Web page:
Scooter Braun Just SOLD Taylor Swift's Masters – And NOT To Her!

Has Scooter Braun stamped out the fire of his feud with Taylor Swift or did he just light another match?

As you probably know, the highly public beef between the two began when Braun purchased her old record company Big Machine Records in 2019 for $330 million — and with it, the masters to the former country darling’s first six albums. Taylor was VERY vocal about her anger and disappointment over the sale, not only because she was denied the chance to buy back her songs, but also specifically because they went to Scooter, whom she claimed had bullied her throughout her career.

Well, the good news is he no longer owns her music. According to a Variety report, Justin Bieber’s manager sold the pop star’s catalogue to an as yet unknown investment fund for more than $300 million (in other words, he made out very well, considering he still maintains the rest of BMR, whose artists include Sheryl Crow, Florida Georgia Line, Thomas Rhett, Rascal Flatts, and Lady A).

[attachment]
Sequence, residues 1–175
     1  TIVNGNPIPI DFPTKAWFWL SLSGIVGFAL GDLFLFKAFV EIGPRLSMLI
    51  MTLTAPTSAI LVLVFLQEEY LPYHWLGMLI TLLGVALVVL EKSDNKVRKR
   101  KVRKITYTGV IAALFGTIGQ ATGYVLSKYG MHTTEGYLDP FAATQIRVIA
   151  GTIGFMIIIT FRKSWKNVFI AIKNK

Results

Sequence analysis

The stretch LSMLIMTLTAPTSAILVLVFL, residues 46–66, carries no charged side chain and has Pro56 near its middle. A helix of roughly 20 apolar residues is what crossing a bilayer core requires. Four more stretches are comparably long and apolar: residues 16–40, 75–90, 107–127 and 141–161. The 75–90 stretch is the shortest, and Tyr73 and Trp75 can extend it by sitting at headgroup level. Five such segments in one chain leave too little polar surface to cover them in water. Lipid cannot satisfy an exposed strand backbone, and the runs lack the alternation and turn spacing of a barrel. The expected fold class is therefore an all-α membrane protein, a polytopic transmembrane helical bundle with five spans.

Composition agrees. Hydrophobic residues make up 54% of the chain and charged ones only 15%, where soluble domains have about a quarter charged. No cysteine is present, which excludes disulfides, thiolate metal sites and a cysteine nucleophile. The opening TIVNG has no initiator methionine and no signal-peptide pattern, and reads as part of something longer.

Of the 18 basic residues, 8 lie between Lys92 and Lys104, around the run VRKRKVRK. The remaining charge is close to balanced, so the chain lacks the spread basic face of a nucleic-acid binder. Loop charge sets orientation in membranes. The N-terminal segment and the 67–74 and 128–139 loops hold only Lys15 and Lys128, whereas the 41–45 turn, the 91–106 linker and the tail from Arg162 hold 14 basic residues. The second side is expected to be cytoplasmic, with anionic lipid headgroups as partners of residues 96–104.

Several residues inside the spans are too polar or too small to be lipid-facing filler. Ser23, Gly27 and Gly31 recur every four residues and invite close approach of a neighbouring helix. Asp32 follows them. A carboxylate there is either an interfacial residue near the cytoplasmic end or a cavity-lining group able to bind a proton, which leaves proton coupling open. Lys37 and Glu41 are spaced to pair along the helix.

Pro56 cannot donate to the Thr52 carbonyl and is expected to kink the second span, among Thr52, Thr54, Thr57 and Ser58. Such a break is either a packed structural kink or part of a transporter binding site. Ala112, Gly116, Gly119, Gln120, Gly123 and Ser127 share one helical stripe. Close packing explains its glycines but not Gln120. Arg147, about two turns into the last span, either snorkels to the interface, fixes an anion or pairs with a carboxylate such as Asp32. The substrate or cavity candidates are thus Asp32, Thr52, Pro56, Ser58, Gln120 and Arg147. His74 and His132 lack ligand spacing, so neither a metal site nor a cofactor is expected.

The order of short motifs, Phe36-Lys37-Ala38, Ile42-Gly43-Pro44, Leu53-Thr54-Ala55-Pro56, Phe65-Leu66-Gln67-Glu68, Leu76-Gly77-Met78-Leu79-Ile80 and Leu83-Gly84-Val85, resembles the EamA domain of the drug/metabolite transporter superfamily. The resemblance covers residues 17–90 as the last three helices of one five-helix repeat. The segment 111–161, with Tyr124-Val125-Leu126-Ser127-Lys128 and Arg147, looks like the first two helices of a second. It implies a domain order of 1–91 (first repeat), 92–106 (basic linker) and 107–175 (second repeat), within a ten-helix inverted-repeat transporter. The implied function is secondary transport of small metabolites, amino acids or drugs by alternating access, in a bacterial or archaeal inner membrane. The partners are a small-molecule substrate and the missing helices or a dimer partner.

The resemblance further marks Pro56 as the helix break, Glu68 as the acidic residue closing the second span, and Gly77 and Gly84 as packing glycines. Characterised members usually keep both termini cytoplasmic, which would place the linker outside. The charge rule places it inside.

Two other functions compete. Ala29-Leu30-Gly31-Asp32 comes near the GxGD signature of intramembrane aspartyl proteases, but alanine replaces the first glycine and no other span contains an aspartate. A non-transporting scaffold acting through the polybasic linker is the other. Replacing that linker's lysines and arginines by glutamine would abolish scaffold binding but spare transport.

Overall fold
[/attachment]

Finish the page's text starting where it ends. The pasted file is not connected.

Interestingly, this month marks the period in which the folklore artist will be able to begin re-recording her old songs, a move meant to devalue the original masters. Clearly the new investors weren’t too concerned about that possibility, despite the fact that Taylor has given every indication she’ll go forward with that plan.

The 31-year-old has repeatedly denounced the financiers behind Scooter’s acquisition of her early albums. While accepting the Billboard Woman of the Year award in 2019, she said:

“This just happened to me without my approval, consultation or consent. After I was denied the chance to purchase my music outright, my entire catalog was sold to Scooter Braun’s Ithaca Holdings in a deal that I’m told was funded by the Soros family, 23 Capital and the Carlyle Group. Yet, to this day, none of these investors have bothered to contact me or my team directly — to perform their due diligence on their investment. On their investment in me. To ask how I might feel about the new owner of my art, the music I wrote, the videos I created, photos of me, my handwriting, my album designs.”

It remains to be seen whether anyone consulted the Grammy winner about her masters changing hands this time around — we’d hope so, after all the anguish and drama over the original sale. We’ll also have to wait and see if the star moves forward with her plans to re-record.

Whatever happens, somehow we doubt we’ve heard the last of this situation. We’ll be VERY interested to see how Ms. Swift responds.

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